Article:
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Dave Bittner: [00:10:32] And joining me once again is Robert M. Lee. He's the CEO at Dragos. Robert, welcome back. You know, I thought we could run through some of the ICS environments that you all deal with. And why don't we start with natural gas? Give us an idea. Here in the United States, what is the lay of the land with our natural gas system? How is it controlled, and what are the threats?
Robert M.: [00:10:54] Absolutely. So when it comes to natural gas, it's at an interesting changing point for the industry. For years, although it was still critical and important, there wasn't as much national attention on it because it wasn't as critical to the bulk electric system. As we have moved away from coal and move more towards renewable sources, we still need a quick way to be able to generate power, which is natural gas. And so natural gas is starting to feed the electric grid, much more so - even a lot of larger energy companies buying up natural gas companies, which means that that national focus has definitely increased.
Robert M.: [00:11:28] There are threats that have targeted natural gas already, and we've heard about these over the years. We've never seen destruction or disruption as a result of an intentional attack, but of course, it's still something that weighs very heavily on folks' minds, especially when we start seeing the criticality the industry increase. What they're sort of up against today is a variety of risk that they're trying to mitigate. One of the factors for them is they do have sort of that traditional SCATA approach, meaning they have very long distances - right? - a lot of pipelines, very large landscape that they have to cover as well as very boutique kind of systems. You know, a gas compressor station along the side of a pipeline is not really normal knowledge for a lot of those, even in the industrial control and security community.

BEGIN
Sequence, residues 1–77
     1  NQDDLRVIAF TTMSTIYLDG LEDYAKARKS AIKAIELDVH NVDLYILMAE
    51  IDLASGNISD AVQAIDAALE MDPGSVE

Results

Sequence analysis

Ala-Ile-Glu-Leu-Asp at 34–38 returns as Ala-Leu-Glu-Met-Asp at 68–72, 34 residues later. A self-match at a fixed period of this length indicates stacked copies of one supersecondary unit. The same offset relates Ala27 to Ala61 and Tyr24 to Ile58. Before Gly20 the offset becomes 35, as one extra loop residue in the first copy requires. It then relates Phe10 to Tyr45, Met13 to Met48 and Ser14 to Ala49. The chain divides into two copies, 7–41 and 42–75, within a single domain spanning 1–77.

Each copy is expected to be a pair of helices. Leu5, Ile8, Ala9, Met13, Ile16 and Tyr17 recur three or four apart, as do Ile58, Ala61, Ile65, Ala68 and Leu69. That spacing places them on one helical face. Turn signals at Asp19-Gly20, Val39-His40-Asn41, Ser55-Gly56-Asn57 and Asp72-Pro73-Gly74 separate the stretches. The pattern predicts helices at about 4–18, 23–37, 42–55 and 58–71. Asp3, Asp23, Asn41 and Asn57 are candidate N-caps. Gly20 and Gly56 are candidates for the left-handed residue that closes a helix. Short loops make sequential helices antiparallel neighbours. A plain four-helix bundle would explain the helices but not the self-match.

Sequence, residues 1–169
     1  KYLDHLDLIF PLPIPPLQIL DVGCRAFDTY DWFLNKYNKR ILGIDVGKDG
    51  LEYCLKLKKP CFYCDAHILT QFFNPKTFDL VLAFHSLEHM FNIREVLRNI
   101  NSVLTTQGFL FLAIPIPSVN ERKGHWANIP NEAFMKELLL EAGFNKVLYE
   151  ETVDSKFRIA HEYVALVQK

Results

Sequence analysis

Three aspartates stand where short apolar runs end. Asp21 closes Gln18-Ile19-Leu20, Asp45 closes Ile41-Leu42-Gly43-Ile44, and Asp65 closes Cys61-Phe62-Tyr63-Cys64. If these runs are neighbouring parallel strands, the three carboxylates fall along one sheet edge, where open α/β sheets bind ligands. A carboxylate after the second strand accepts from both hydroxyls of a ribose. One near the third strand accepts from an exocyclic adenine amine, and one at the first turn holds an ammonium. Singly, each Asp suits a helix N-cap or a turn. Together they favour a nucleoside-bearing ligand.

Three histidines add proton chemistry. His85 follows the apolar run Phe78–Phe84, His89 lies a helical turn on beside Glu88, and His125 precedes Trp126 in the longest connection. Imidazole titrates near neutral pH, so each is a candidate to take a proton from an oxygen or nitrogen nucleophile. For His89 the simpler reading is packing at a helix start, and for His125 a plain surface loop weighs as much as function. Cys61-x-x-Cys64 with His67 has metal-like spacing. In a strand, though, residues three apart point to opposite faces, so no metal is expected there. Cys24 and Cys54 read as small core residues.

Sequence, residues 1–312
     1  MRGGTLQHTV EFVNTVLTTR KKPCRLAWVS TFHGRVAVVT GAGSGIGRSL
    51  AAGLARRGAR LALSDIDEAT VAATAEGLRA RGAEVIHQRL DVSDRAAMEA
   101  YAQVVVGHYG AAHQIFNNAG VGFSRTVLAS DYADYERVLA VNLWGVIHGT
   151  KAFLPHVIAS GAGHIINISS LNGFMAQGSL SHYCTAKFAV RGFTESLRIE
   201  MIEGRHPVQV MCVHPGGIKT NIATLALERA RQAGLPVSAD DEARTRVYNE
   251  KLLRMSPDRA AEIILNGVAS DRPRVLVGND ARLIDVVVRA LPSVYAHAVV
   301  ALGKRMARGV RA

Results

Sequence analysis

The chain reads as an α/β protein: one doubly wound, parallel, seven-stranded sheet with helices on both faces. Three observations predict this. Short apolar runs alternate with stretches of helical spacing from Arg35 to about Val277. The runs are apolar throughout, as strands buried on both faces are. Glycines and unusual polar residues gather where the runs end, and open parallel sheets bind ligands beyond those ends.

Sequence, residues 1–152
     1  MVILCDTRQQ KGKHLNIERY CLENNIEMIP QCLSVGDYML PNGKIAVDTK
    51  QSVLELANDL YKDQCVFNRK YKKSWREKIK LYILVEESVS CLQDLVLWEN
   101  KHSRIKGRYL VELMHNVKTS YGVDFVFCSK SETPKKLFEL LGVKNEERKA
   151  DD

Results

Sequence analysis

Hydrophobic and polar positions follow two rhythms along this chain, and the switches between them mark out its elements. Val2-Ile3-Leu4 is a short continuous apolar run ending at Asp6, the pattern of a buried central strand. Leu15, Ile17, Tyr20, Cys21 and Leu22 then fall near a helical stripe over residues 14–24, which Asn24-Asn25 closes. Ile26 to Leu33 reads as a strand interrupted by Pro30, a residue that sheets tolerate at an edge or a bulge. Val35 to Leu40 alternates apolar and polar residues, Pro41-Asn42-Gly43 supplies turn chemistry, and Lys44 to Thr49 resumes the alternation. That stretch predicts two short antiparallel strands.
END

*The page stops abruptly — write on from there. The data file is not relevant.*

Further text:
Robert M.: [00:12:14] So for them, they're trying to reduce that risk - not only the physical threats and the things you have to deal with, like crazies along the pipelines, but also in the fact that their threats can get out to those locations. And it's not some easily tapped infrastructure. It's not like they could drive to every single gas compressor station and every single aspect of the pipeline and storage wells and all that and throw a managed switch on there and start tapping that traffic. It's not really achievable in that way. So they're much more around ingress and egress filtering and understanding if they can identify threats from the control center down or back up again from those sites. And at the same time, they're just dealing with the nature of the politics.
Robert M.: [00:12:50] So you got some good organizations like the Downstream Natural Gas ISAC, who's trying to do a lot of advocacy and outreach in that sector. But I expect this will be a very turbulent next couple years for them as they try to figure out how to articulate what the real risk is while minimizing it without letting, as you noted, the hysteria get taken away as congressional members and others start asking questions on - oh, no. What is the threat to this new industry? Well, it's not really new, but this industry that's new in its criticality to the electric grid. So fantastic opportunity for them. Definite challenges, but as always, we got some fantastic people taking on that challenge.
Dave Bittner: [00:13:25] And what would be the impact of an interruption of natural gas service?